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'As required' medication regimens for seriously mentally ill people in hospital

Overview of attention for article published in Cochrane database of systematic reviews, December 2015
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About this Attention Score

  • In the top 25% of all research outputs scored by Altmetric
  • High Attention Score compared to outputs of the same age (87th percentile)
  • Average Attention Score compared to outputs of the same age and source

Mentioned by

blogs
1 blog
twitter
9 tweeters

Citations

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24 Dimensions

Readers on

mendeley
103 Mendeley
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Title
'As required' medication regimens for seriously mentally ill people in hospital
Published in
Cochrane database of systematic reviews, December 2015
DOI 10.1002/14651858.cd003441.pub3
Pubmed ID
Authors

Petrina Douglas-Hall, Emma V Whicher

Abstract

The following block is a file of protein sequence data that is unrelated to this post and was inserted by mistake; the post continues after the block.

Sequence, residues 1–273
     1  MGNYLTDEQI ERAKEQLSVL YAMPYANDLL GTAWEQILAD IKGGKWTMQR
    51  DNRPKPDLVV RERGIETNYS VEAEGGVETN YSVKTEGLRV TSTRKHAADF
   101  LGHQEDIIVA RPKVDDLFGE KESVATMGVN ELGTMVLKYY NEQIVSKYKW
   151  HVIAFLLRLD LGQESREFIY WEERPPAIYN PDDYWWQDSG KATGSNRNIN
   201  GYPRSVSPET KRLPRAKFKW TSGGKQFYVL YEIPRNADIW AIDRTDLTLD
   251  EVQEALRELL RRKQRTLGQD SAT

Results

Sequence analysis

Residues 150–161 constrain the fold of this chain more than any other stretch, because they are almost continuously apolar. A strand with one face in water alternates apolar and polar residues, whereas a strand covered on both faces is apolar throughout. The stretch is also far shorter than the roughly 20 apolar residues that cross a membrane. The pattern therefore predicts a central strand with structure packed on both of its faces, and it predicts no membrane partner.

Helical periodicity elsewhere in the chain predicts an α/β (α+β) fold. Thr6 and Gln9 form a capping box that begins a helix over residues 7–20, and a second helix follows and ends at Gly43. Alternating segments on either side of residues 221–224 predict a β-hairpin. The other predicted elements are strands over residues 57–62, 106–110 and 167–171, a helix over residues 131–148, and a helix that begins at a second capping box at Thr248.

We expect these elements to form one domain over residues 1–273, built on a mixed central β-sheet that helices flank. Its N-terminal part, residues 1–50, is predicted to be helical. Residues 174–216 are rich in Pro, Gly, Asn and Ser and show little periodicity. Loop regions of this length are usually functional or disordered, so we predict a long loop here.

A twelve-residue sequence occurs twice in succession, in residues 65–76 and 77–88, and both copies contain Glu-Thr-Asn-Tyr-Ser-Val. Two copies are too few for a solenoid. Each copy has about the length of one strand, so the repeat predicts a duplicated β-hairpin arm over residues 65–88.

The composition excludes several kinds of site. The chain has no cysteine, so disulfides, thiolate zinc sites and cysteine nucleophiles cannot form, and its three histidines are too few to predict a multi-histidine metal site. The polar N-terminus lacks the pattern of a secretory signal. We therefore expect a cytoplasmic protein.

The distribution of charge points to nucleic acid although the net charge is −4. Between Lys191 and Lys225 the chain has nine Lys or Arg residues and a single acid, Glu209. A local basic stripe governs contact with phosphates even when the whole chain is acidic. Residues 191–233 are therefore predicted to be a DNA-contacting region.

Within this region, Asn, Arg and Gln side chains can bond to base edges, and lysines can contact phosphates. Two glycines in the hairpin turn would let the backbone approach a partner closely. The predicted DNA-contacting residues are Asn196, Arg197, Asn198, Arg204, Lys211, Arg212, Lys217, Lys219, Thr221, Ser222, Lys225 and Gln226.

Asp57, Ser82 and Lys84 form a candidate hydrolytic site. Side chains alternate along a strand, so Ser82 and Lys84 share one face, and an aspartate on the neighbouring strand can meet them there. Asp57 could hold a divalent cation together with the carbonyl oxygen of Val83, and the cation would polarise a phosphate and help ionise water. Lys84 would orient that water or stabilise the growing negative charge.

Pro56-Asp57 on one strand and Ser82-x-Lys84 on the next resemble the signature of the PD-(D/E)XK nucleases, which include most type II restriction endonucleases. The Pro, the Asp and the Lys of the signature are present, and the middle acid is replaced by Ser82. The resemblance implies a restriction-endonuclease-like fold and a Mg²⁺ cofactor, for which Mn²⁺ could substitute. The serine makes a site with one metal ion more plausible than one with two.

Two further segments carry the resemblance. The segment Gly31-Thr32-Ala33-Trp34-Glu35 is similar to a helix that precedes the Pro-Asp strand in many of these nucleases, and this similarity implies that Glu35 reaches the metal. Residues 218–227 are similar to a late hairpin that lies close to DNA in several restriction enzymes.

Drugs used to treat psychotic illnesses may take weeks to be effective. In the interim, additional 'as required' doses of medication can be used to calm patients in psychiatric wards. The practice is widespread, with 20% to 50% of people on acute psychiatric wards receiving at least one 'as required' dose of psychotropic medication during their admission. To compare the effects of 'as required' medication regimens with regular patterns of medication for the treatment of psychotic symptoms or behavioural disturbance, thought to be secondary to psychotic illness. These regimens may be given alone or in addition to any regular psychotropic medication for the long-term treatment of schizophrenia or schizophrenia-like illnesses. We searched the Cochrane Schizophrenia Group's Trials Register, which is based on regular searches of MEDLINE, EMBASE, PubMed, CINAHL, BIOSIS, AMED, PsycINFO and registries of clinical trials, in November 2001, March 2006, July 2012 andOctober 2013. We aimed to include all relevant randomised controlled trials involving hospital inpatients with schizophrenia or schizophrenia-like illnesses, comparing any regimen of medication administered for the short-term relief of behavioural disturbance, or psychotic symptoms, to be given at the discretion of ward staff ('as required', 'prn') with fixed non-discretionary patterns of drug administration of the same drug(s). This was in addition to regular psychotropic medication for the long-term treatment of schizophrenia or schizophrenia-like illnesses where prescribed. We independently inspected abstracts and papers for inclusion. If trials had been found, we would have extracted data from the papers and quality assessed the data. For dichotomous data we would have calculated the risk ratios (RR), with the 95% confidence intervals (CI). We would have conducted analyses on an intention-to-treat basis. If data were available we would have completed a 'Summary of findings' table using GRADE. We have not been able to identify any randomised trials comparing 'as required' medication regimens to regular regimens of the same drug. Our main outcomes of interest were important changes in (i) mental state, (ii) behaviour, (iii) dose of medication used, (iv) adverse events, (v) satisfaction with care and (iv) cost of care. There is currently no evidence from within randomised trials to support this common practice. Current practice is based on clinical experience and habit rather than high quality evidence.